First AIDS, now cholera:
Zimbabwe's newest orphans
By Columbus Mavhunga
(Zimbabwe), Dec 10 (DPA) In Chitungwiza, a sprawling township
about 30 km southeast of Zimbabwe's capital Harare, a group
of women and girls are lining up with tin cans to fetch water
from a shallow well near a river.
a scene common in southern Africa but rare in urban areas,
where piped water is usually available in homes or at a communal
the taps have been running dry for months now in Zimbabwe,
forcing people to scrounge water from unprotected sources
like these, by rivulets of raw sewage and festering mounds
of uncollected garbage.
is here that the cholera outbreak that has claimed nearly
600 lives began in August before spreading to nine of the
country's ten provinces.
children are particularly vulnerable to cholera, some have
lost their parents to the disease yet themselves survived
to face an uncertain future.
them is 17-year-old Juliet Shayanewako (not her real name).
The 19 month-old baby slung across her back with a piece of
cloth is not her son, but her younger brother, Raphael.
was thrust into the role of surrogate parent after losing
both her mother and father to cholera in September. The two
died within three days of each other.
the water on her head, Raphael bobbing in time with her gait,
Juliet leads the way to her home - a single room in a four-room
and my sister (age six) were in the rural areas when they
fell sick and died," says Juliet, gingerly setting down
the baby and water. "By the time we returned, they had
the funeral, Juliet's maternal grandmother looked after the
children for about two months before returning to her rural
now stay alone - the three of us," Juliet says. "Relatives
have been coming with food but they are no longer coming as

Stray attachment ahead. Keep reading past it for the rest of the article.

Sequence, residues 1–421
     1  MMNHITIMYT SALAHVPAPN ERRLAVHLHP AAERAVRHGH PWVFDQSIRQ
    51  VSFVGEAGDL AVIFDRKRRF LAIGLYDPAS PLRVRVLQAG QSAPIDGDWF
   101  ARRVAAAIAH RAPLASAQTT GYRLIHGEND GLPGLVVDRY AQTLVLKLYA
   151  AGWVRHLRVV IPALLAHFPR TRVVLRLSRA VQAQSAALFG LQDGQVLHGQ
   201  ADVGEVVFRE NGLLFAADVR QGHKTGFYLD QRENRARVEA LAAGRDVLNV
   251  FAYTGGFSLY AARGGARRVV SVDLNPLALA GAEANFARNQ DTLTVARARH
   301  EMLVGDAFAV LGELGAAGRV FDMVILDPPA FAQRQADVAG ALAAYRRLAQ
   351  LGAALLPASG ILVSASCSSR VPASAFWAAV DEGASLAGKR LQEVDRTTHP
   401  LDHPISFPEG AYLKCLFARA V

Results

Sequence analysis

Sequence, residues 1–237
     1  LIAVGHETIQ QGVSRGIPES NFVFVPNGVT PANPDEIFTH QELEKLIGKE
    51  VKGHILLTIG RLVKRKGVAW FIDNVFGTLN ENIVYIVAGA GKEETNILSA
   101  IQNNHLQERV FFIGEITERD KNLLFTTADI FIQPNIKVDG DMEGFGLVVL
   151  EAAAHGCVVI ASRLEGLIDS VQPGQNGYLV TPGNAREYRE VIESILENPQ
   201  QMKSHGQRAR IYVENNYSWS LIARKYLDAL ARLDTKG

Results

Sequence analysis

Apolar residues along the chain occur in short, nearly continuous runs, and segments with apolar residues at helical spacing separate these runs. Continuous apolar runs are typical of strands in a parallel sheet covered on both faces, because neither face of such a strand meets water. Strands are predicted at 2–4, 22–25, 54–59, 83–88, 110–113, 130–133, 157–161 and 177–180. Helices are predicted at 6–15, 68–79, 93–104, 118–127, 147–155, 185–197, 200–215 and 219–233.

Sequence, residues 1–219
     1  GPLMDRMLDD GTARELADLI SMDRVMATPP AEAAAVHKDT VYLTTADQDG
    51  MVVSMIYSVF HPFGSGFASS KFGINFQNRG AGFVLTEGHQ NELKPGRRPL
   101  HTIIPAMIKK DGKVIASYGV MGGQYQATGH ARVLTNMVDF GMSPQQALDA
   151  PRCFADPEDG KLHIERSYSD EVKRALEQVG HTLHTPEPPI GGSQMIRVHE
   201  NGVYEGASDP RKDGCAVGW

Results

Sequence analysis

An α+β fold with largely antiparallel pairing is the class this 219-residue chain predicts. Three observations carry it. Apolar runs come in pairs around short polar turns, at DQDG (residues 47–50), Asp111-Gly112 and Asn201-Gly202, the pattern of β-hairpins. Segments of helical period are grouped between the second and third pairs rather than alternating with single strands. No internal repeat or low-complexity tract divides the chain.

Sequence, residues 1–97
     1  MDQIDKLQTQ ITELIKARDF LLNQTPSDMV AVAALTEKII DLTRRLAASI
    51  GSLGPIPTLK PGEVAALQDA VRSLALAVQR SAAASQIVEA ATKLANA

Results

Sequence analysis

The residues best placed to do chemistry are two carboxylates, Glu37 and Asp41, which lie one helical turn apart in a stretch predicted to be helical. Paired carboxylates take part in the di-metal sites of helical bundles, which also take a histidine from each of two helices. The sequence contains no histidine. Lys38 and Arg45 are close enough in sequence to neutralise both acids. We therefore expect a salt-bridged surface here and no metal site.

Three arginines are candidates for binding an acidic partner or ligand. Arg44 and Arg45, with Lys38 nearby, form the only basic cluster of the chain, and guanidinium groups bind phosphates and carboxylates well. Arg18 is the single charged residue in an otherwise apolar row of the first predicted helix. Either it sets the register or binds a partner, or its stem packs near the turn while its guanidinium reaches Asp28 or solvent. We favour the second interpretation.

frequently as before."
is receiving assistance from non-governmental organisations
in the form of infant milk formula and cereals. "But
at one time they ran out because we had also started feeding
on them - our maize meal had run out," she says. "Now,
I make sure that we do not take his food."
one knows yet how many children have been orphaned by cholera,
the latest crisis to hit a once prosperous nation that has
been run into the ground by populist policies.
half the population of 12 million is in need of food aid,
making them weak and vulnerable to disease.
has the world's highest rate of orphaned children. Over one
million children have lost one or both parents, mostly from
HIV/AIDS (16 percent of adults are infected with the virus),
or poverty-related diseases.
Bongani and his six-year-old brother Sibanengi (names changed)
from Budiriro township about 30 km west of Chitungwiza lost
a parent to each HIV/AIDS and cholera.
is one of areas worst affected by the cholera outbreak. The
boys' mother died last Saturday at a nearby clinic set up
to specially for cholera victims.
father died of AIDS last year.
good thing is that cholera is likely to be a thing of the
past now since the UN, Britain and other big organisations
are going to assist," their uncle says, referring to
the unusually frank appeal by Zimbabwe's government last week
for international aid over the outbreak, which it termed an
experts point out that, while the call for a help was an important
first step, much more needs to be done to prevent cholera
deaths shooting up into the thousands.
are a lot of things that need to be done before victory (over
cholera) is proclaimed. For example, the supply of safe drinking
water and proper disposal of garbage and sewage has to improve
quickly," says Marcus Bachmann of Medecins sans Frontieres
(Doctors Without Borders) medical NGO.
some children have outlived their parents, the United Nations
children's agency Unicef says children are the most vulnerable
in Zimbabwe are on the brink, and everyone's focus must now
be on their survival," Unicef acting country representative
Roeland Monasch said.